Do not be confused by the name – E-Pace does not mean electric. That label is saved for the firm’s I-Pace.
In this case, Jaguar has slid down the alphabet, which gives enough of a clue that the E-Pace is the F Pace’s smaller sibling. It is really rather good.
It is going head-on against Audi’s Q3, BMW’s X1 and Merc’s GLA – and there are a few advantages in being late to the party.
Inspired by the F-Pace, this little Jag takes sister brand Land Rover’s Evoque platform and gives a serious lesson in space and packaging. For its size, this model has a lot to offer.
Handling is accurate and responsive, not what you would expect from an SUV. It is much more car-like in its behaviour, which makes it more enjoyable to drive.
It also feels a lot quicker and nimbler than the 8.6-second, on-paper sprint suggests. This model gets the mid-power 180hp D180 four-pot Ingenium, two-litre diesel engine – buyers can choose either D150 and D240, or consider petrol-powered models with up to 300hp.
With all-wheel drive and a ninespeed automatic transmission, this one is best left to get on with it, rather than you interfere with driving modes and flappy paddles.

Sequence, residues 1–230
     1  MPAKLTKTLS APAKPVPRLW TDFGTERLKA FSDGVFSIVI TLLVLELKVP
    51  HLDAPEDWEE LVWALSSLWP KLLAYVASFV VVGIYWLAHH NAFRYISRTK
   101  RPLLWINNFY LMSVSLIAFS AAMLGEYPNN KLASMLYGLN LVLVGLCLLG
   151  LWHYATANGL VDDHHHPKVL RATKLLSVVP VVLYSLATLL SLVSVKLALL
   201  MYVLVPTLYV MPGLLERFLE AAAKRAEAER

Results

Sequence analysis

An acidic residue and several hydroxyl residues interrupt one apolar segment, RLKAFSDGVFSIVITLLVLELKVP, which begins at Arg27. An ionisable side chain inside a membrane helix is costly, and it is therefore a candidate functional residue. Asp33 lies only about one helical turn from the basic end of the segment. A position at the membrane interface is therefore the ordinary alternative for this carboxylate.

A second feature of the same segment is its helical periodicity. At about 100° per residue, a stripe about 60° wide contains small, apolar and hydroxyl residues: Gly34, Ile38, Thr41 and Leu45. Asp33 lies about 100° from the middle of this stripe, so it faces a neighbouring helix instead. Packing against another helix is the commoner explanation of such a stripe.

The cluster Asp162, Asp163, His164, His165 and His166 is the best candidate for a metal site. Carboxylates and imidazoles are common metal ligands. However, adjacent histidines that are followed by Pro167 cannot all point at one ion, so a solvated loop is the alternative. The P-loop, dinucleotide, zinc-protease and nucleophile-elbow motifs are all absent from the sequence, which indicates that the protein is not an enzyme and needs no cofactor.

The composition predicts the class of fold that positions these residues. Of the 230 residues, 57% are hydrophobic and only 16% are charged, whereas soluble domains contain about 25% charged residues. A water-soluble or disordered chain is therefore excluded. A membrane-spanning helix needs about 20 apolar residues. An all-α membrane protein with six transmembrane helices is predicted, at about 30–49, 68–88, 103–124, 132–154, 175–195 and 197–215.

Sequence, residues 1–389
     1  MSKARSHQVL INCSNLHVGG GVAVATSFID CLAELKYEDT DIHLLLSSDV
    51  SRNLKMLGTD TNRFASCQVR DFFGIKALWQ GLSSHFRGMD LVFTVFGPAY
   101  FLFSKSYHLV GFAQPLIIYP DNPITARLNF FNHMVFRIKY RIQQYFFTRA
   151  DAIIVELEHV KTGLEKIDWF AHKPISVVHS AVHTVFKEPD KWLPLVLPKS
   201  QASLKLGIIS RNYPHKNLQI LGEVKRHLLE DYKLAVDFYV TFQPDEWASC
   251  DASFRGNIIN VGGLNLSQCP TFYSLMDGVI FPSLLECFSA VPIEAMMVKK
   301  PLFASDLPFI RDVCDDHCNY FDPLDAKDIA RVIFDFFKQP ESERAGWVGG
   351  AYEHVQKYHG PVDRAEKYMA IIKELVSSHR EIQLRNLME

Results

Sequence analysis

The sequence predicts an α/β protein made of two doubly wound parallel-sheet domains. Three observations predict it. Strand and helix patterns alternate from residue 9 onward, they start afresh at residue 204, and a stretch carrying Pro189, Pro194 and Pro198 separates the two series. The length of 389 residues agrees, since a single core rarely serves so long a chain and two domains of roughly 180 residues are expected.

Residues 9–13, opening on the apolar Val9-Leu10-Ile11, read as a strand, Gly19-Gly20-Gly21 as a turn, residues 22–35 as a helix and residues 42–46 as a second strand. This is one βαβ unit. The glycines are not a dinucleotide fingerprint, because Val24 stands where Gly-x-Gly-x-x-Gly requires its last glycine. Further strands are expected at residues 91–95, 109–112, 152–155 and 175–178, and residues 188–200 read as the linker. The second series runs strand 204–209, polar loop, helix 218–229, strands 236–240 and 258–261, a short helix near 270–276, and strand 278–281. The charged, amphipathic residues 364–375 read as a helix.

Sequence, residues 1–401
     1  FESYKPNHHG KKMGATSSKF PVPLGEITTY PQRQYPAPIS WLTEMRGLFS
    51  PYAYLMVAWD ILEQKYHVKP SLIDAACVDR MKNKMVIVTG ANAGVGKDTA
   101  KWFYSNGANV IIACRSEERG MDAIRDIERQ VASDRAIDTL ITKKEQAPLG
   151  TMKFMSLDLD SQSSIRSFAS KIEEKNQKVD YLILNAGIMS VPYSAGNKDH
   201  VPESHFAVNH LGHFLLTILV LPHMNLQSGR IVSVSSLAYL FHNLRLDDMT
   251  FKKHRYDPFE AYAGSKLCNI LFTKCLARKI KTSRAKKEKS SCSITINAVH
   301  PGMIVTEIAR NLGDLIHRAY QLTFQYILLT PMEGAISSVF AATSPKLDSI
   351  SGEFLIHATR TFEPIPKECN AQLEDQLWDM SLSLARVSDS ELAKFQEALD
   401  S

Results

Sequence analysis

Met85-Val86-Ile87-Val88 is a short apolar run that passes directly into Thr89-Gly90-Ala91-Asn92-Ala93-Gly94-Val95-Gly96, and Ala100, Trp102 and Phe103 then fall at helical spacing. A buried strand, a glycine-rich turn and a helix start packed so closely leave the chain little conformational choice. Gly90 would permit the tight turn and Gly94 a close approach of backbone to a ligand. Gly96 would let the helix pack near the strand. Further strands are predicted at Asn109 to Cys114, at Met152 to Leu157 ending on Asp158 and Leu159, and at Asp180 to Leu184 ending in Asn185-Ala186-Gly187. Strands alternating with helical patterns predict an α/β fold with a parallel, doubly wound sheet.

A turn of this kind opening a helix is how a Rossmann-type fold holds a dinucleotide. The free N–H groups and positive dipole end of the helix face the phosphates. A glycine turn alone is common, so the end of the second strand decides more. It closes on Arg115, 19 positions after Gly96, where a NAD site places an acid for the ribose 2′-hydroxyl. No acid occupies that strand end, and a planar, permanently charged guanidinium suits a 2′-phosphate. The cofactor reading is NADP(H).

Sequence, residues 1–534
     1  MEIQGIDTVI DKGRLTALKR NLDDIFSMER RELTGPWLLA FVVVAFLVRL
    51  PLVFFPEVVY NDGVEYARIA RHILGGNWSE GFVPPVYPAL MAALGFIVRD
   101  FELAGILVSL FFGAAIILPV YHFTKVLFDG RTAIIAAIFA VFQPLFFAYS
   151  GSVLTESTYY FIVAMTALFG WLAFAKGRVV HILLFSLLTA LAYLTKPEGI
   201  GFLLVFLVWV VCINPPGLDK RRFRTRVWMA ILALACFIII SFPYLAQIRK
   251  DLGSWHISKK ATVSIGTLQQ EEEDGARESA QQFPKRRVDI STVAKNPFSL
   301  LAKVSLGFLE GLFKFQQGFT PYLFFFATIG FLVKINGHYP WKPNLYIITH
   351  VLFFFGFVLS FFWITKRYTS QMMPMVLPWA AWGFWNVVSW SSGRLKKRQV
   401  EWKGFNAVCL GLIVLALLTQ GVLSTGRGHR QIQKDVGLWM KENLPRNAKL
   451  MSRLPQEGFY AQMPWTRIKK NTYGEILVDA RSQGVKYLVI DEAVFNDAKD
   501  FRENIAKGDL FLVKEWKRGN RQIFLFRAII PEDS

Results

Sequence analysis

As you would expect, it is a smooth and polished performer if left to its own devices.
Being an R-Dynamic S model, our test car sits fairly high in the range and is packed with kit. There are some questionable options though.
The Caesium blue paint costs £615 and the black contract roof a further £510. While it is missing the optional heated seats, the optional heated steering wheel proved handy on chilly mornings.
Standard 18in rims have been replaced by optional 20in items and the ride is firm. Not spine-tingling, but firm, although it looks the part.
The E-Pace’s interior looks equally satisfying and boasts a quality feel too, with a blue highlight stitch to complement the exterior paintwork.
Its F-type-inspired cockpit delivers a driver-focused environment, with so much adjustment for seeking the most comfortable driving position, that you are simply not trying if you cannot find the sweet spot.
Seats are supportive too and there is little to disappoint the E-Pace driver. Storage space is useful, with
good-sized door pockets and a centre console that conceals a lift-out compartment for even more space.
Dropping the rear seat backrest reminds you this is a compact SUV with a steeply sloping rear window.
There is a generous opening in which to load all manner of paraphernalia, but the compromise is a seat backrest that goes nowhere near flat enough to make the most of its load-lugging potential.
A towbar will let you haul 1,800kg for bulkier items that will not fit.
This said, the E-Pace makes a far more entertaining proposition than the larger F-Pace.
Just choose your options wisely.